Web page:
The Question is not "What Would Jesus Do?" But "What Are We Doing To Jesus?"

The Question is not "What Would Jesus Do?" But "What Are We Doing To Jesus?"

A Story by Bishop R. Joseph Owles

children at the border

I no longer pay for good cable (if there is such a thing). The only reason that I have cable at all is because my modem costs nearly the same amount for a slower speed without cable, so I have basically network tv with a few cable channels I never watch thrown in. All that was to say that I no longer have cable news (well, at least no cable news that I would watch), and as a result I have been much happier. There are apparently wars and crises I know nothing about and I could not be happier about it.

The news I do get are the issues that people are talking about on Facebook and other places. One of the things that keeps being talked about is children at the border coming into the United States and how that apparently offends people. It is good to know that we live in a world where it is children in need that offends us, but wars and all the other stuff is just fine.

I do not know the situation that is behind the arrival of children, but I do know that Jesus said that whatever we do to “the least of these” we do to Him. And I cannot think of a better definition of the least of these than these children. If Christ tells us we do to Him what we do to the least of these, then the way respond to these children is the way we respond to Christ. If we protest them, call them names, threaten them, send them away, then that is what we are doing to Jesus Christ. And if we call Christ names, threaten Him, send Him away, then we cannot call ourselves Christian. We certainly cannot say that Jesus is in any way our “Lord” or our God. We cannot hate Christ and say that we follow Christ �" and if we hate these children, then we hate Christ because they are the least of these and whatever we do to them, we do to Christ.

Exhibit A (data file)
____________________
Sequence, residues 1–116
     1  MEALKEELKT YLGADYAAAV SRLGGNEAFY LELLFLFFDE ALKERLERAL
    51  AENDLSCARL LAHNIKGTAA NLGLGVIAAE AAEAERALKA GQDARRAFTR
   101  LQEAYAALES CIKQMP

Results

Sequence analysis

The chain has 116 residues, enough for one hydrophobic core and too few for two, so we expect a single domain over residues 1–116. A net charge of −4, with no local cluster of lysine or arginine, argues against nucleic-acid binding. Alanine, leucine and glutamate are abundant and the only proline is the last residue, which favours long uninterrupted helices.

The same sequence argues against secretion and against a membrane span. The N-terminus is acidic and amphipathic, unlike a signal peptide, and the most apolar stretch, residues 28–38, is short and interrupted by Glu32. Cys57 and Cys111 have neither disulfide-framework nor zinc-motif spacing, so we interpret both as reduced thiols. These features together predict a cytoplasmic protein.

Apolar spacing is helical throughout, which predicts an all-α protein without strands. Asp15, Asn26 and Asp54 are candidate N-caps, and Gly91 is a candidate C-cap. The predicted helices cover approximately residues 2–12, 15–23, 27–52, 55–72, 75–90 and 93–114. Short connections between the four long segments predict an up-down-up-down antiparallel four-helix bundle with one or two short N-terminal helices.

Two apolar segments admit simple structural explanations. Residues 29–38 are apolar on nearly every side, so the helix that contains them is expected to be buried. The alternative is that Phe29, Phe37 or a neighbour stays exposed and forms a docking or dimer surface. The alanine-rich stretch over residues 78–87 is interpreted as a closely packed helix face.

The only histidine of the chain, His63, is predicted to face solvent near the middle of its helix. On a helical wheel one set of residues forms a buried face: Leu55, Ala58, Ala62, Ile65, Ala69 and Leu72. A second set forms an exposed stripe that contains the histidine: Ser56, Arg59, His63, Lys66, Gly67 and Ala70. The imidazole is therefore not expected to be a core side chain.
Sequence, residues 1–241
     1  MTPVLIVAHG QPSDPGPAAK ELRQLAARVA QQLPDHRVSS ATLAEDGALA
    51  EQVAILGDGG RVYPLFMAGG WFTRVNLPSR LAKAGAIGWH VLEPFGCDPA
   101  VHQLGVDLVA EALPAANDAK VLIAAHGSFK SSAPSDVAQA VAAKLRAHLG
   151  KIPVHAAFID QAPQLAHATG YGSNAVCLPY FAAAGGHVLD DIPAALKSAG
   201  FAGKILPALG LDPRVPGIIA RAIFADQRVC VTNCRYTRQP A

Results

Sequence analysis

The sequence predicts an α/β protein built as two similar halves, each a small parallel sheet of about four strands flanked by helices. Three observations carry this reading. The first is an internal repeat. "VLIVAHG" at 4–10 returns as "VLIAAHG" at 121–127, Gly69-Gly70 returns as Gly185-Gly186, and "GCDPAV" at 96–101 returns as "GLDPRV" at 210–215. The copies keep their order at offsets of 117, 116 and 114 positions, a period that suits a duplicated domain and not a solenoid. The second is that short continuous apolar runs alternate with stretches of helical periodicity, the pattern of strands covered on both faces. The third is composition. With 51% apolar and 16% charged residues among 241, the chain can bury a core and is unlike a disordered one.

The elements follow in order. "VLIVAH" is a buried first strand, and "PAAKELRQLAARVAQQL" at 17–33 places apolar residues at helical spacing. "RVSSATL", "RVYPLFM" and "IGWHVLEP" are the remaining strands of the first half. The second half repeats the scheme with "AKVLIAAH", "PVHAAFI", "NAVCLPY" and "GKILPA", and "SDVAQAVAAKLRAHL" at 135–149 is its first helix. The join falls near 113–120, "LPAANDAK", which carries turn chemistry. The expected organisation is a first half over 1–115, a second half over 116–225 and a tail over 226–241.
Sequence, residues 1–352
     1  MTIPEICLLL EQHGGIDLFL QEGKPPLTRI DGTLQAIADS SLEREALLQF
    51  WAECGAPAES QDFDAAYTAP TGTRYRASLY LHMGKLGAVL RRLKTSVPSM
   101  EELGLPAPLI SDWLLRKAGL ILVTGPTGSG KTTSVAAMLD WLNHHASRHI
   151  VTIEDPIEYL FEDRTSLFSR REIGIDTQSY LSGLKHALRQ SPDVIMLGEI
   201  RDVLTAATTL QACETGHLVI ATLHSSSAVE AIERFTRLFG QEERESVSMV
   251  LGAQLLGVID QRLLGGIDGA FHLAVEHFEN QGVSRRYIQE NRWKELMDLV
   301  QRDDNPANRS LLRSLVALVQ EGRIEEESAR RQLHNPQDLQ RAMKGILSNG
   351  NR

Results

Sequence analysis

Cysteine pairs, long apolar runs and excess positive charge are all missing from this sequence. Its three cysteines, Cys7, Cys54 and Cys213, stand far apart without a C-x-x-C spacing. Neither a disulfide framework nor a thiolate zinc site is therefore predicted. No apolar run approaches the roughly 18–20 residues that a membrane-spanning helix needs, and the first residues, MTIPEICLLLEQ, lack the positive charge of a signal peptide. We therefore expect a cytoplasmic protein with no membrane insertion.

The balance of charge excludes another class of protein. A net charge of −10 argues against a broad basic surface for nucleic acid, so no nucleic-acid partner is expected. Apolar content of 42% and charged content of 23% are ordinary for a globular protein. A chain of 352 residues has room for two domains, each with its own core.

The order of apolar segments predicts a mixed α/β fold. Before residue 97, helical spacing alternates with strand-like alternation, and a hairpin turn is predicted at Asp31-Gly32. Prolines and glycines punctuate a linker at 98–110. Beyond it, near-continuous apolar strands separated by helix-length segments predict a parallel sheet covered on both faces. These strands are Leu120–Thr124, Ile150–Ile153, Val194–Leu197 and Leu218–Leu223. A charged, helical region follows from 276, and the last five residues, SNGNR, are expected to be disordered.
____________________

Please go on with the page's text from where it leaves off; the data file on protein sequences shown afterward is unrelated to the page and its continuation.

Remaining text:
A few years ago, one of the political parties was having a debate. During the course of that debate the crowd cheered at the idea of a poor man with a job dying in a hospital because he could not afford health insurance. When one of the debaters was asked if we should just let that man die, some members of the crowd yelled out “Yeah!” and then the crowd erupted in applause and cheers.


How many of those who were cheering the death of an uninsured man are Christians? I would wage that a safe bet would have 70 �" 80 percent of the crowd (if not more) claiming to be members of the Christian faith. But would the man they claim to follow, whom they claim is their Lord and Savior, would that man cheer at the idea of a working-poor man dying because he cannot afford health insurance? When they ask themselves: “What would Jesus do?” is that the answer they come up with?

I am not trying to malign a party or members of that party or anyone at all. That is why I have no mentioned the name of the party or the people on stage. This is not about politics or even health care or immigration. It is about is a lazy, hateful, bigoted, selfish, self-centered, hurtful ethos that has systematically replaced Christianity, while still claiming to be and calling itself “Christian.”